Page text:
It was about this time that Henry became acquainted with one who was to form the greatest happiness of his life. There was a poor girl in Hamburg who was a seamstress, and who not only supported herself but her mother by her needle. Her name was Agatha. She had a lovely face and very engaging manners; her character was still more lovely than her face; and she had only these to recommend her, for she was very poor. Henry became strongly attached to her, and she soon returned his love. Henry's father and mother did not approve of this connection because the girl was very poor; and as their son was so handsome and agreeable, had now many friends, and was very capable, they thought that he might marry the daughter of some rich man perhaps, and so get some money. But, although Henry was ready to jump from a wagon twenty feet high for a few pence, and would walk the streets of the city twelve hours a day for money, he would not so disgrace himself as to give that most precious of all things, his heart, for gold, and so he told his parents. "I shall," said he, "marry my dear Agatha, or I shall never marry any one. She is good, and gentle, and beautiful; and if I live, she shall have money enough too, for I can and will earn it for her. I shall work harder and better now than I ever did before, because I shall be working for one whom I love so dearly." Henry's parents saw that it was in vain to oppose him, that it would only drive him out of the house, and that they should thus lose him and his work too; so they gave the matter up. From this time Henry worked more industriously, if possible, than ever. He did the same for his father as before; but he contrived also to find some hours in which he might work for himself exclusively. All that he earned at these times he devoted to his new and dearest friend. He would purchase with the money he earned some pretty or comfortable thing to wear that she wished and had denied herself; or sometimes he would get some nice thing for her to eat; for she had delicate health, and but little appetite. After work was done in the shop, and the family had gone to bed, Henry used to hasten to his dear Agatha, and pass two or three happy hours with her. They both had fine voices, and many an hour they would sing together, till they would forget the weariness of the day, and the fact that they had nothing but their love for each other to bless themselves with in this world. They worked harder, they denied themselves more than ever, they were more careful to be wise and good for the sake of each other; and so their love made them better as well as happier.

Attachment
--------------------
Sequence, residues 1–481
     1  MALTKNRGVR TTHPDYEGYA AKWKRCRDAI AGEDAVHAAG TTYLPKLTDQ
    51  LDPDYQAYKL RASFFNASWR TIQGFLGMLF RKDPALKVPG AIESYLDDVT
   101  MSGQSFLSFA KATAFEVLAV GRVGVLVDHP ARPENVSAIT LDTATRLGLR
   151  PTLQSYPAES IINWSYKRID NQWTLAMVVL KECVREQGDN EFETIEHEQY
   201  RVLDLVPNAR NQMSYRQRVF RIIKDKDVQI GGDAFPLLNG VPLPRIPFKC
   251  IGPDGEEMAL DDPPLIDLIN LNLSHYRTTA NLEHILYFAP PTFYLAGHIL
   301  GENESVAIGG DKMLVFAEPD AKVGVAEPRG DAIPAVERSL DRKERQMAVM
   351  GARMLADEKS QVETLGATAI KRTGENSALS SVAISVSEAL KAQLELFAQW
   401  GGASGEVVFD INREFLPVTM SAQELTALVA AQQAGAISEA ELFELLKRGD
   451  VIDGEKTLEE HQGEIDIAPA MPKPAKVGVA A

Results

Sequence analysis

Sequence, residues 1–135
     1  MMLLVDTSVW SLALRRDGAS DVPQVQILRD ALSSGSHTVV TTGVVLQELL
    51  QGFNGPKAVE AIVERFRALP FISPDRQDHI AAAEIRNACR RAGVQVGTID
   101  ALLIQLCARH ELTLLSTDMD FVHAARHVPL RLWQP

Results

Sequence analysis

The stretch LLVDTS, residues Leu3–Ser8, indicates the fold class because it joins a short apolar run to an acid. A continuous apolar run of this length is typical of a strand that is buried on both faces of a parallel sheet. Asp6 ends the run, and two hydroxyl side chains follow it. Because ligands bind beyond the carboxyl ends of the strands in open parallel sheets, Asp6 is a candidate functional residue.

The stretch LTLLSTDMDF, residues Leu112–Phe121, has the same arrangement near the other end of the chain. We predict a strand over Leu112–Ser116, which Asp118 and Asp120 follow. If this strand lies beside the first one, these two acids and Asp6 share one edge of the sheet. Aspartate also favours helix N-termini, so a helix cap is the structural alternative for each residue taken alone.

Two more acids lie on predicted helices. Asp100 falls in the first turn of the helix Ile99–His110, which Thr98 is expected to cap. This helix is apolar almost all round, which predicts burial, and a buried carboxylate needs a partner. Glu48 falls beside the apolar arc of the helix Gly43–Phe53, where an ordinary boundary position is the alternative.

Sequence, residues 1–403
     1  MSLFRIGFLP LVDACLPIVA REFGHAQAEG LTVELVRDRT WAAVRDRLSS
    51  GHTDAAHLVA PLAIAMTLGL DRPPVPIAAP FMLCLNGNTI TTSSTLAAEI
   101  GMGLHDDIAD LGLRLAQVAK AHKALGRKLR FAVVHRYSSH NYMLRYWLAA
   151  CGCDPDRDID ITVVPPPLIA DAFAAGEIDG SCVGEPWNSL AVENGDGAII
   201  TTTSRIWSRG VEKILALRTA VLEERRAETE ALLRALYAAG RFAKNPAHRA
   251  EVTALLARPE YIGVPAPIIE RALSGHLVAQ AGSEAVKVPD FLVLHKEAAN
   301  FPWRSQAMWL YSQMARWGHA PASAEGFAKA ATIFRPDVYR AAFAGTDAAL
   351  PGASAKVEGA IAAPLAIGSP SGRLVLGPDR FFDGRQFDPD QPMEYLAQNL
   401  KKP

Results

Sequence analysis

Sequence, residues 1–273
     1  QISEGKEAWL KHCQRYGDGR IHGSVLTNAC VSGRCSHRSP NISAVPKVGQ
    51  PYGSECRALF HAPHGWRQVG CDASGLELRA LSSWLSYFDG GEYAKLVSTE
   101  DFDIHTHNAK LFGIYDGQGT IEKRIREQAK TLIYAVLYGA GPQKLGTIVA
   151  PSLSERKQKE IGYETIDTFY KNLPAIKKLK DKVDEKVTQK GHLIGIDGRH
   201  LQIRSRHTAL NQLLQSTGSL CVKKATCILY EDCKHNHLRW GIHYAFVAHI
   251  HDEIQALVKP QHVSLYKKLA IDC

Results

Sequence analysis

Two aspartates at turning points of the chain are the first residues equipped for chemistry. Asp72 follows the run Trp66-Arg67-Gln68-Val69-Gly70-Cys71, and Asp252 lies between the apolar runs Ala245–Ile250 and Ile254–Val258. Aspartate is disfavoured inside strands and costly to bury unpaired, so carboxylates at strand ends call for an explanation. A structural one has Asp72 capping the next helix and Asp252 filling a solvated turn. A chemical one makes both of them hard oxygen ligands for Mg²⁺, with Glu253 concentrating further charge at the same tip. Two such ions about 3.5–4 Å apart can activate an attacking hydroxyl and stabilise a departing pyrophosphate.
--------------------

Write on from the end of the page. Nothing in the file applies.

At last, when Henry was nineteen, his parents consented to his marrying and
bringing his wife home to their house. As there was no money to spare, they could only have a very quiet wedding. They were married with-out any parade or expense, and never were two excellent beings happier than they. The young wife made herself very useful in her husband's family. She worked very hard,—her husband thought harder than she ought to work,—and he was anxious to be independent, and have a house of his own, where he could take more care of her, and prevent her injuring herself by labor.
There was some money due his father in Bremen; and, after living at home a year or so, Henry took his wife with him, and went there to collect the money.
There they lived two years, and there they suffered severely. They were very poor, and they met with misfortunes. At last Henry's wife and their two children took the small-pox; but they all lived and got well, and their love for each other was only made more perfect by suffering; for they learned patience and fortitude, and were confirmed in what they both before believed, that they could bear any trouble if they could share it together.